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Fiscal Consolidation Strategy

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  • Cogan, John F.
  • Taylor, John B.
  • Wieland, Volker
  • Wolters, Maik H

Abstract

In the aftermath of the global financial crisis and great recession, many countries face substantial deficits and growing debts. In the United States, federal government outlays as a ratio to GDP rose substantially from about 19.5 percent before the crisis to over 24 percent after the crisis. In this paper we consider a fiscal consolidation strategy that brings the budget to balance by gradually reducing this spending ratio over time to the level that prevailed prior to the crisis. A crucial issue is the impact of such a consolidation strategy on the economy. We use structural macroeconomic models to estimate this impact. We consider two types of dynamic stochastic general equilibrium models: a neoclassical growth model and more complicated models with price and wage rigidities and adjustment costs. We separate out the impact of reductions in government purchases and transfers, and we allow for a reduction in both distortionary taxes and government debt relative to the baseline of no consolidation. According to the initial model simulations GDP rises in the short run upon announcement and implementation of this fiscal consolidation strategy and remains higher than the baseline in the long run.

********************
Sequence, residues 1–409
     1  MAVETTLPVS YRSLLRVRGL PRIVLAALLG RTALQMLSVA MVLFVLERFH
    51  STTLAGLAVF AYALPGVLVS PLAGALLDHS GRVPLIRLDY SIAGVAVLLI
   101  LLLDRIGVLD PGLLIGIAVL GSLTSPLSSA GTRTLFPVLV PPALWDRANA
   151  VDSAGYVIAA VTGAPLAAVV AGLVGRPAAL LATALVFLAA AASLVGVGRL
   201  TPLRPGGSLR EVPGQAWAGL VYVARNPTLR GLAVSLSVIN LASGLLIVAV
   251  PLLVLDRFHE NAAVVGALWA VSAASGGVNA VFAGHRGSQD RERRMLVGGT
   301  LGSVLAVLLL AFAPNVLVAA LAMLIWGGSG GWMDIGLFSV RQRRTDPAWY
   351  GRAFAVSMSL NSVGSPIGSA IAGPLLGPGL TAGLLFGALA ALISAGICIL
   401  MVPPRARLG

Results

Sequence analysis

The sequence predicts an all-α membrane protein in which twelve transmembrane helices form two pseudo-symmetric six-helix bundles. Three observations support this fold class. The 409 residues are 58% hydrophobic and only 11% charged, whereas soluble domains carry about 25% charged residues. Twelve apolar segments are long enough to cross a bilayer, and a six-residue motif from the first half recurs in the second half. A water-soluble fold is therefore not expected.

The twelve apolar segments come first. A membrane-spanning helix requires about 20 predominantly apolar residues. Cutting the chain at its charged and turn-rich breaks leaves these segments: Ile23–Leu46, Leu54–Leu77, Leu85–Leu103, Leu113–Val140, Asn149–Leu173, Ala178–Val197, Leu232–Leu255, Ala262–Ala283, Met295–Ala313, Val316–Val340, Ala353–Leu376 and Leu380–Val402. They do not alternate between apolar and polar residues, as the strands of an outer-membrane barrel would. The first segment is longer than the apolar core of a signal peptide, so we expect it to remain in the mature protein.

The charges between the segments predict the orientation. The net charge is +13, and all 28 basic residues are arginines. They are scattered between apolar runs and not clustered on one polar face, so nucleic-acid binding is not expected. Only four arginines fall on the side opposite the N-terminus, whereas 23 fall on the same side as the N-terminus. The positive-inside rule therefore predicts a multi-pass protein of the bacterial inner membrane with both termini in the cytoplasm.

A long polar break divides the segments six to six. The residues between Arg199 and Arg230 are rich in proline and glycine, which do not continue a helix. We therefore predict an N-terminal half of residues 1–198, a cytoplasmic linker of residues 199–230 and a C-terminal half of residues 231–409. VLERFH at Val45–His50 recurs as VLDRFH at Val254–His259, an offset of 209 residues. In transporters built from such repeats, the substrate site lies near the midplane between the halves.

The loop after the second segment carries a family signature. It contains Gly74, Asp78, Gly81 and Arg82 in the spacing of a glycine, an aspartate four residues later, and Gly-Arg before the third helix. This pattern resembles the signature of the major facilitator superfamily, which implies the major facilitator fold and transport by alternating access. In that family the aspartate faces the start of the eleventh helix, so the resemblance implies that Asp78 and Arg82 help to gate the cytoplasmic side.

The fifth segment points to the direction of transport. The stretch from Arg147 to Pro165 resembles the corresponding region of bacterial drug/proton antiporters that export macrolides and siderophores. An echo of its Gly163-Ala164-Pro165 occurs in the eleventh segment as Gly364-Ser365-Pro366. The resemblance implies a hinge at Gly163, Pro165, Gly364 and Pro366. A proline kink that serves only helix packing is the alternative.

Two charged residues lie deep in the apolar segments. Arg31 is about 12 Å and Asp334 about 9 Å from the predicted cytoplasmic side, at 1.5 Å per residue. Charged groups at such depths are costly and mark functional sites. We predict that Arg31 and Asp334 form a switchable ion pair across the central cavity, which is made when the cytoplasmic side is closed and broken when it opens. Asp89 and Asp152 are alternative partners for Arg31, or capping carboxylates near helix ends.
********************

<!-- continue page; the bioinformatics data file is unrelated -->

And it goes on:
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Paper provided by C.E.P.R. Discussion Papers in its series CEPR Discussion Papers with number 9041.

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Date of creation: Jul 2012
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Handle: RePEc:cpr:ceprdp:9041

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Keywords: budget deficit; fiscal consolidation strategy; fiscal policy; government debt; U.S. budget;

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  1. Taylor, John B. & Wieland, Volker, 2012. "Surprising comparative properties of monetary models: Results from a new model database," IMFS Working Paper Series 66, Institute for Monetary and Financial Stability (IMFS), Goethe University Frankfurt.
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Cited by:
  1. Javier Andrés & J.E. Boscá & Javier Ferri, 2014. "Instruments, rules and household debt: the effects of fiscal policy," Working Papers, International Economics Institute, University of Valencia 1401, International Economics Institute, University of Valencia.
  2. Apostolis Philippopoulos & Petros Varthalitis & Vanghelis Vassilatos, 2013. "Optimal Fiscal Action in an Economy with Sovereign Premia and without Monetary Independence: An Application to Italy," CESifo Working Paper Series 4199, CESifo Group Munich.
  3. Anthony J. Makin, 2013. "The policy (in)effectiveness of government spending in a dependent economy," Journal of Economic Policy Reform, Taylor & Francis Journals, Taylor & Francis Journals, vol. 16(3), pages 287-301, September.
  4. Reicher, Claire, 2014. "Systematic fiscal policy and macroeconomic performance: A critical overview of the literature," Economics Discussion Papers 2014-29, Kiel Institute for the World Economy.

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